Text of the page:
Below is a screen shot of the results for various gene tests performed at Langford (UK) which include the Siamese and Oriental cats tested for PRA and their results. Although the results are interesting, at this stage it would be very unwise to make any conclusions based on this data. There is simply not enough information to make any decisions with one exception. We need to test more cats!
It would seem more than sensible to utilise the available DNA test for PRA.
Testing our cats will help us understand the extent of the spread of the gene.
It will also help prove or disprove the theory that all PRA positive cats will eventually be totally blind.
By knowing the PRA status of our cats we can selectively breed away from this gene and prevent any chance of cats being born PRA positive.
Testing is available here –
Responsible Breeding and PRA
The rdAc mutation is a recessive gene that is thought to cause total blindness in cats when present twice in a cats DNA (homozygous for the rdAc mutation). Cat breeders work with recessive genes every day and when you can test for the gene it really is simple to avoid breeding cats that are homozygous for the rdAc mutation.
The problem is if you try to breed the gene out completely too quickly you will severely limit the gene pool dependant on how wide spread the rdAc mutation is.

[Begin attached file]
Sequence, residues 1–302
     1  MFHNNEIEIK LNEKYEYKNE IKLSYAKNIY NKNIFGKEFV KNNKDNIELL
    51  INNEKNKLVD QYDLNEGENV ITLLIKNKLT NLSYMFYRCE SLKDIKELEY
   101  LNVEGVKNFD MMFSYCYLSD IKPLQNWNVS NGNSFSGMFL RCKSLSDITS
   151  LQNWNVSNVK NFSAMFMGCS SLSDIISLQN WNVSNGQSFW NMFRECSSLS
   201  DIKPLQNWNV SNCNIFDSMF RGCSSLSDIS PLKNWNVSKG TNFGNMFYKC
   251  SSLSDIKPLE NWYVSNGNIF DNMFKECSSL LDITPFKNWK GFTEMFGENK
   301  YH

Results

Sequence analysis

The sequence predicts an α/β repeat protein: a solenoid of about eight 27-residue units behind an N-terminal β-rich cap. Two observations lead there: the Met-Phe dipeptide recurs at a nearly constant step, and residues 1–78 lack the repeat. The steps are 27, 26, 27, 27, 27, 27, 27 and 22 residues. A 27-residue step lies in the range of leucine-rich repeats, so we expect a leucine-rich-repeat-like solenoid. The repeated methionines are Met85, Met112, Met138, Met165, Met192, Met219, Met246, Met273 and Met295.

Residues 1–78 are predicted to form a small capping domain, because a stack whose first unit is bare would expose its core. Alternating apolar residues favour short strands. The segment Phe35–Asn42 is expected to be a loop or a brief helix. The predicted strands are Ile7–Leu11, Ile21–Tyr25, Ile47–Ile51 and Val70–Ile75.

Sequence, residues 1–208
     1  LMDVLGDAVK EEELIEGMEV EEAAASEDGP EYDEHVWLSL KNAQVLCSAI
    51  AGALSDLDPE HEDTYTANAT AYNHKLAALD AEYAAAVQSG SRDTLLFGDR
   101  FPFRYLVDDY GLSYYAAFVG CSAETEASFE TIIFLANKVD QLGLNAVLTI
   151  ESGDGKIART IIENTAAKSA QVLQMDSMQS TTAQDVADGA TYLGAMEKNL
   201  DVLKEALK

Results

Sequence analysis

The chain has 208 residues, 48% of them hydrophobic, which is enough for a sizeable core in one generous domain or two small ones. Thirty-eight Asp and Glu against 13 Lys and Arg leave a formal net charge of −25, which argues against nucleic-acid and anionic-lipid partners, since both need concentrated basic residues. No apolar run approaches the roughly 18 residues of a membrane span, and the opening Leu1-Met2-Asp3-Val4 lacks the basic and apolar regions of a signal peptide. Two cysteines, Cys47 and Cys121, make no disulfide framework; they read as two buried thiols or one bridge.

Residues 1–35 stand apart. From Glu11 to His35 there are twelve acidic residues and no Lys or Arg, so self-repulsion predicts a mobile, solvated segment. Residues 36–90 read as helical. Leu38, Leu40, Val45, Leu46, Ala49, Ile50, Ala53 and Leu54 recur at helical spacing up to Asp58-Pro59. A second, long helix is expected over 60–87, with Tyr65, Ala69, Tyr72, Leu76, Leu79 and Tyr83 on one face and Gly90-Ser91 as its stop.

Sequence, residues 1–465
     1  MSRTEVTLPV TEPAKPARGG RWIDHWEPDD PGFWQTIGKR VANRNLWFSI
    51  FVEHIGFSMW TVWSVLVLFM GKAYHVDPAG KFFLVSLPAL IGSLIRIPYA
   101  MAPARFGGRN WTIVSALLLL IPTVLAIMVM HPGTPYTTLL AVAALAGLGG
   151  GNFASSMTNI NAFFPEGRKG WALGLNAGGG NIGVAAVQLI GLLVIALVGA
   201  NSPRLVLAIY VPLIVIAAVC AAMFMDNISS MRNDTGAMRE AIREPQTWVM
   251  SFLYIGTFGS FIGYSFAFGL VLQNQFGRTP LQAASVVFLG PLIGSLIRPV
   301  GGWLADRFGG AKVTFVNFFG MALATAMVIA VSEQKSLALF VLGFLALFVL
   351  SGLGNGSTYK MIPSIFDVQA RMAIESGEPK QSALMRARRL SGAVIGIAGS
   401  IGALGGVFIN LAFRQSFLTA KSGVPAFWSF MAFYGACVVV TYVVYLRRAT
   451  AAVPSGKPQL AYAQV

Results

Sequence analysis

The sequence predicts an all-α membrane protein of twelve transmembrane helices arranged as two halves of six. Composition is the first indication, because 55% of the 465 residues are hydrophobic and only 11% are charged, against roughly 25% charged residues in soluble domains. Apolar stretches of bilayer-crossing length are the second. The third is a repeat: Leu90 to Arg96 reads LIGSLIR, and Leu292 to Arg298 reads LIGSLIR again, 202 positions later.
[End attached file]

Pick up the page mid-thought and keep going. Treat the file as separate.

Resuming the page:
As the gene has to be present twice and because of the available DNA test we can selectively breed cats that have zero chance of being homozygous for the rdAc mutation.
This would mean that any cats bred following these suggested guidelines below would have zero chance of becoming blind through progressive retinal atrophy caused by the rdAc mutation.
It could be argued that positive cats should not be used for breeding at all. A positive cat is always going to pass on one of the mutated rdAc genes. However a positive cat mated to a negative cat will result in all kittens being carrier status only. Until we know more about how widespread the gene is we do not know if the gene pool is capable of excluding all positive cats from breeding problems.
The Way Forward
We need to start testing our cats and collating the results on how wide spread the mutated gene is. We need to have far more data on how many PRA positive cats are actually going blind. Until we have this data then we cannot make an informed decision. At this stage it would seem to be the only responsible course of action to start testing cats and not breeding PRA positive cats.
How Else Can You Help?
Raising awareness of this potential problem is the only way to move forward in understanding and potentially tackling PRA head on. If you have a breeders website or if your cat club has a website please link to this article and help raise awareness about PRA.
Please refer to the chart below that illustrates really how easy it would be to breed away from PRA without compromising the genetic diversity of the Siamese and Oriental gene pools. Or at the very least breed cats that have no chance of inheriting two rdAc mutated genes.
Please feel free to re-publish the infographic below. You can find the html at the foot of the page.